now stritly toungue in cheek, but Ansett had A320's for a very long time, and in fact were the launch customer for the 200 series, then were taken over by an all Boeing airline (Air New Zealand), who cut off Ansett and let them sink, and are now virtually a Goverment owned airline, who are switching to A320's.
      Also starting next week with B717's but shortly switching to A320's will be the Qantas owned budget airline Jestar
      hmmmmmmmm......

      Graeme

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      logojet


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      Post #1286, posted on 05-26-2004 GMT-5 hours    
      So, following the theory through, all Boeing has to do would be to wait a little longer until all the A320 customers have gone to the wall and then they will have regained monopoly control of the short/medium range airliner market. Bit of a long shot in my opinion.

      Arthur


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      Bas


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      Post #1289, posted on 05-26-2004 GMT-5 hours    
      So in a few years Europe's largest ailine will be LOT. Because British Airways, Air France, Lufthansa, Iberia, Swiss, Alitalia, TAP, Aer Lingus, Austrian, SN Brussels and Finnair will be bankrupt. And KLM is gone too because of that stupid merge.

      So that's a missed chance for KLM

      In progress:
      An-124 Volga-Dnepr
      Daco 737-300 VARIG
      Challenger CL-604

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      Andy White


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      Post #1321, posted on 05-30-2004 GMT-5 hours    
      Hasn't Frontier switched from 737s to Airbuses? Are they doing bad too?

      Andy

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      Andy White


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      Post #2175, posted on 10-19-2004 GMT-5 hours    

      Although not converting from 737s, Spirit are replacing their MD-80s with Airbuuses. Seen the new silver & black colour? Prefer the blue squares personally. Now to see how their fortunes hold up.

      Andy

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      Kiwi727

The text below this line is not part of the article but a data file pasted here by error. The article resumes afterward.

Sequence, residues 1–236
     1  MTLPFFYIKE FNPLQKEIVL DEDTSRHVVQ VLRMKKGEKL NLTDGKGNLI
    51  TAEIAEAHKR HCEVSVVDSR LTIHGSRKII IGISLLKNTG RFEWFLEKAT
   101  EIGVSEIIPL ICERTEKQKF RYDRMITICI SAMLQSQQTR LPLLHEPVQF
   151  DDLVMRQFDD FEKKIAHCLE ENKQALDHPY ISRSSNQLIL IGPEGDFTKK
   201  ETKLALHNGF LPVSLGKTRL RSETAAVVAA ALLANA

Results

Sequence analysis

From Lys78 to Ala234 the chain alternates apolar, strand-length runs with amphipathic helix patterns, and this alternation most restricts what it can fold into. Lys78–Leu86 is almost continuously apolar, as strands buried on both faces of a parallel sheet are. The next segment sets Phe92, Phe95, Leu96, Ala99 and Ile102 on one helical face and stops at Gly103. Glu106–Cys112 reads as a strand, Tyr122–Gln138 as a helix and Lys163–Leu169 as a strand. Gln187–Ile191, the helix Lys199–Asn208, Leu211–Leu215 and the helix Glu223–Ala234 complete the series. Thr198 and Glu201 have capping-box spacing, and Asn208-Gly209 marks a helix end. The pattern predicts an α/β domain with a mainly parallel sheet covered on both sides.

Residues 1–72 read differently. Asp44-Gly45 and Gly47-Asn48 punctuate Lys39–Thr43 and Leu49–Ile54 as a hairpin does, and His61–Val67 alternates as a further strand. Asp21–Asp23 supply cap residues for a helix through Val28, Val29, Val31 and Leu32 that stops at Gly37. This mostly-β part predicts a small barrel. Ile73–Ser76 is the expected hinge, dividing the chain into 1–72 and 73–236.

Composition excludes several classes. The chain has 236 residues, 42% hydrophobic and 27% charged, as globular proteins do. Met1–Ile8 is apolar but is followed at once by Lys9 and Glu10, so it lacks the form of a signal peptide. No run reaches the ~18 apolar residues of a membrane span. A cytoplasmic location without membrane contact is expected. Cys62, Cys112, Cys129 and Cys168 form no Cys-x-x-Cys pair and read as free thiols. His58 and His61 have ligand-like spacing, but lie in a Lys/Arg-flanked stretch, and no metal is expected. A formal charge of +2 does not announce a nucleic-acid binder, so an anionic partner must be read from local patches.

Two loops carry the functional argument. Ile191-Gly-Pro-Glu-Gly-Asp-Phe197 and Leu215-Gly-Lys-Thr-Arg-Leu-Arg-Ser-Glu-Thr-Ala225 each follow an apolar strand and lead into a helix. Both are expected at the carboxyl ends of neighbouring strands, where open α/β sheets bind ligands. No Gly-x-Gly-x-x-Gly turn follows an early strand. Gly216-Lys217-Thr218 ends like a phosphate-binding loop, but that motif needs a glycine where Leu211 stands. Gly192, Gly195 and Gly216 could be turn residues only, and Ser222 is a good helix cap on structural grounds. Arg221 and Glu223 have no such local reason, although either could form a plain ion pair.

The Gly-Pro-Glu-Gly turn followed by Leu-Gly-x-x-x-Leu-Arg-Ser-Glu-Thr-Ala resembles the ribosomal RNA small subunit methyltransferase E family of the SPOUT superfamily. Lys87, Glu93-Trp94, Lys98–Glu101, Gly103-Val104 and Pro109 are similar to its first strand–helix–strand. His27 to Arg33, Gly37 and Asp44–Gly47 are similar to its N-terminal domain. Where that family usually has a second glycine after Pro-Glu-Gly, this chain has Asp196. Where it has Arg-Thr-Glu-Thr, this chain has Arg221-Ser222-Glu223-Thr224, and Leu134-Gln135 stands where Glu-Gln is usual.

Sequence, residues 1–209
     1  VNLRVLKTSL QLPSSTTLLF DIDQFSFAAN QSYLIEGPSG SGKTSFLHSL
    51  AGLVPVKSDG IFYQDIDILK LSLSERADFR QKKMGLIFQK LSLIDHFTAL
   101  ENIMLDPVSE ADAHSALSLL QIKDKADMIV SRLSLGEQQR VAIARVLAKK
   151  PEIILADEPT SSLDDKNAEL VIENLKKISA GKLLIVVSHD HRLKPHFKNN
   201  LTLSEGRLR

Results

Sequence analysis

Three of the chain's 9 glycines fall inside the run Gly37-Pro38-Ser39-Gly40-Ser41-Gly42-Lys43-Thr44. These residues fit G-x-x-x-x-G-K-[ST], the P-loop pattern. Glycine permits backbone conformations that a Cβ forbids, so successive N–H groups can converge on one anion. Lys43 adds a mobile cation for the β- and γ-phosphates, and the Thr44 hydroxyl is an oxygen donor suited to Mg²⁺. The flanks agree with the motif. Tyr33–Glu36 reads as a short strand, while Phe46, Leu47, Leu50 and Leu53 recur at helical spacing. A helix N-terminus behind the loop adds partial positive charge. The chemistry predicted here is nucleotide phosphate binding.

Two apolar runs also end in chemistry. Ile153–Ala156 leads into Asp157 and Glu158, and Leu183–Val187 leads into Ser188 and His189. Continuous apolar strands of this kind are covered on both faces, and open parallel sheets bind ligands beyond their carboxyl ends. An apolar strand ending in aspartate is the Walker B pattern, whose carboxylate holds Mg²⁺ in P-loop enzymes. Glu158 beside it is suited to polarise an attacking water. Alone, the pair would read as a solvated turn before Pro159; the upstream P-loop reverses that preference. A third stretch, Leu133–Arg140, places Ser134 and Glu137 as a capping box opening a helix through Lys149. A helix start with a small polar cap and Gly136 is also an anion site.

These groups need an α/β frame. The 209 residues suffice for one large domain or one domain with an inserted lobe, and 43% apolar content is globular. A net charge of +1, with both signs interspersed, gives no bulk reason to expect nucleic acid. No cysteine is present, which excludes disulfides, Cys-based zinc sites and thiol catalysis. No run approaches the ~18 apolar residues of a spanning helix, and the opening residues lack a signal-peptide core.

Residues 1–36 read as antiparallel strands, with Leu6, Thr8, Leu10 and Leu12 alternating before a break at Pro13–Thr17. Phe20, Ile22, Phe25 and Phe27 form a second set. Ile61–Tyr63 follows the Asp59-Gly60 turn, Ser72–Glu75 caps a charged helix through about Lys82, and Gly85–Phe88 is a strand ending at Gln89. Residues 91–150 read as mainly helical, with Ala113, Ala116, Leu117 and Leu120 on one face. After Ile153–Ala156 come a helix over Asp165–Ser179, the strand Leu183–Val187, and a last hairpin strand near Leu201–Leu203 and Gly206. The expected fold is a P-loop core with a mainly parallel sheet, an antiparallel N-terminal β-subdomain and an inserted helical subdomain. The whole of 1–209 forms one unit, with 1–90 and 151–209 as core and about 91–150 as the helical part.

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      Post #5275, posted on 05-09-2005 GMT-5 hours    
      Ansett australia had a lot of inbuilt union problems, like overmanning and excessive pay scales. Their 767-200s were the only ones ever built with a three man cockpit to satisfy the unions.

      Ansett Australia became a subsidiary of Air New Zealand before it's collapse. I worked for Air NZ at the time of it's demise. Ansett's experience with the A320 was encouraging. It persuaded Air NZ to abandon the 733. I was a loader at that time. Yes the hieght of the baggage hold door sill does make a practical difference. The 737-200 was almost waist hieght. The 737-300 baggage sill was chest height and the 737-700/800 required the incredible hulk to get into.

      The A320 benefits however from modular containers in the hold which reduces manpower from about five loaders and one driver (733) to one hi-lift operator and one dolly driver for an A320. Yes the A320's sill is higher than all the Boeings, but it does not matter with containerised cargo.

      Because I have been investigating setting up my own airline venture recently I wanted to know the economics of all the aircraft I would have to compete with in my local market, so I ran the numbers for 721, 722, 733, 738 and A320. The 160 seat A320 has better economics than the 180 seat 738 with winglets.

      What is unnerving for any airline which moves up from 733 to A320 is the cost of leasing or purchase.
      The Boeing 737-300 is relatively cheap and pleantiful. A cheap freehold plane makes more money thatn one where you're still paying off the mortgage ... Bottom line

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      Kiwi727


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      Post #5295, posted on 05-10-2005 GMT-5 hours    
      PS It is worth a moment to reflect on Jet Blue using the A320. It has 17-18 A320s being delivered each year for the next five years. these are all funded from revenues and not loans so they must be doing something right. I still like the Boeings better, but the A320 is a very tidy airplane if you ever get to go on one.